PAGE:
Jay Z and Timbaland Will Have to Testify in Bizarre 'Big Pimpin' Trial


The copyright lawsuit against Timbaland and Jay Z for their 1999 hit “Big Pimpin’” is headed to trial in October and both will be called to testify. The courtroom battle will likely be as contentious as the “Blurred Lines” trial, if not even more so. It will also be better, because Robin Thicke will not be present.

Timbaland and Jay Z are among the parties accused of improperly sampling the song “Khosara, Khosara” (by Egyptian musician Baligh Hamdi) for Jay Z’s “Big Pimpin’.” Hamdi’s nephew Osama Ahmed Fahmy initially filed a lawsuit in 2007 that, in addition to Jay Z and Timbaland, also names EMI, Universal Records and MTV.

Billboard describes it as “one of the longest-running active lawsuits in America, not just entertainment.” Here’s how it all started (way back in the ’90s), based on legal proceedings so far:

At the recording session, Timbaland grabbed a CD that contained Middle Eastern music he believed to be in the public domain. He found a particularly distinctive Egyptian composition — the kind of song one might expect to be played for a belly dance. Timbaland focused on a particular measure of this song with an amazing flute melody and looped it. Jay Z’s rap (“You know I, thug ‘em, f—- ‘em, love ‘em, leave ‘em”) came on top. And so “Big Pimpin” was created.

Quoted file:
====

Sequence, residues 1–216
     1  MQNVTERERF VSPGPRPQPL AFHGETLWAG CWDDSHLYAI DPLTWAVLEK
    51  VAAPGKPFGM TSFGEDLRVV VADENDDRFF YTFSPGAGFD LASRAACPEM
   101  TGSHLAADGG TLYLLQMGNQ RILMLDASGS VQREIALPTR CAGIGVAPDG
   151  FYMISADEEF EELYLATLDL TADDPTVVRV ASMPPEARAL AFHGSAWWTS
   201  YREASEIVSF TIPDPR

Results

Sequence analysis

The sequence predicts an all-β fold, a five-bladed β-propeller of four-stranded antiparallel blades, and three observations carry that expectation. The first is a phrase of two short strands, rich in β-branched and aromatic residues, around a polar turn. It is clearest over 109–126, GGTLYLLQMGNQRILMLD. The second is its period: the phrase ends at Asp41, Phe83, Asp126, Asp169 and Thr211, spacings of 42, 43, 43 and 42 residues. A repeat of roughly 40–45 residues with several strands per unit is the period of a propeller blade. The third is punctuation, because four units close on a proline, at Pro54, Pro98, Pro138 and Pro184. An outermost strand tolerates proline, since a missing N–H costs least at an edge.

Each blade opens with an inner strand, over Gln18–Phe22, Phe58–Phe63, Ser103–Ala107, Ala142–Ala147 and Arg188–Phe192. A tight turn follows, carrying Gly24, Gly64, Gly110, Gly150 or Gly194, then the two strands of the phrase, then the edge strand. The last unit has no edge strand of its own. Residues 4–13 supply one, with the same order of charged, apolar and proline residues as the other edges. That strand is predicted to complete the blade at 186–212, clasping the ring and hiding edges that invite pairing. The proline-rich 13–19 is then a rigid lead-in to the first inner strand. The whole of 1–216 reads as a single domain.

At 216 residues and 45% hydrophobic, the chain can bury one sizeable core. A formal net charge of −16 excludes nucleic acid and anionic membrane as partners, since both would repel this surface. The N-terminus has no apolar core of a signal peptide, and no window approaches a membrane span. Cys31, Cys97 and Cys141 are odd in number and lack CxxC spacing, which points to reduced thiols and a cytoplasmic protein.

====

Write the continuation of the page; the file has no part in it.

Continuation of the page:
EMI Arabia later discovered the sample, which resulted in Timbaland paying $100,000 for its usage:

When Jay Z’s hit came out, a foreign subsidiary of EMI identified the sample as coming from the Baligh Hamdy composition “Khosara, Khosara” from the 1960 Egyptian film Fata ahlami. EMI claimed rights stemming from a deal with an Egyptian outfit that had made its own agreement with Hamdy’s heirs. Timbaland then paid $100,000 to EMI for rights to use the sample, and that money was supposed to end any dispute. Except it didn’t.

Unfortunately for Timbaland et. al, this isn’t just a matter of sampling. Fahmy is claiming that Timbaland and others failed to create a thorough publishing agreement that rightly compensated the song’s creator.

What further complicates the case is that EMI Arabia was actually licensing “Khosara, Khosara” from the Egyptian label Sout el Phan. So the question is, who had permission to allow Timbaland to use it?

Jay Z’s team thinks this is all ludicrous. They’re arguing that the licensing is all cleared and that Fahmy already gave up his rights to EMI. Via Billboard:

If this case was as simple as determining whether “Khosara, Khosara” was illicitly copied, and the damage therein, it would be interesting enough. Here, for example, are some of the exhibits attached to a deposition that Jay Z gave in the case: A Live Nation touring business plan, royalty statements for Jay Z and his agreement with Roc-A-Fella Records.
The quirks of the case add to the intrigue.
The Jay Z side believes that it has properly licensed “Khosara, Khosara,” and even if not, it’s not for Fahmy to challenge. Soon after Timbaland made his $100,000 deal, Fahmy reached agreement with the Egyptian outfit that had given EMI rights. According to court documents, the Hamdy heirs got a “lump-sum buyout” in exchange for assigning song rights.

Adding to the potential zoo-like atmosphere of this trial is the fact that the music industry’s foremost attorneys are involved and that Judith Finell—the musicologist from the “Blurred Lines” trial—will be called as a witness. Other witnesses include an economist, a marketing expert and entertainment reporter Sam Rubin.

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Images via AP; Getty

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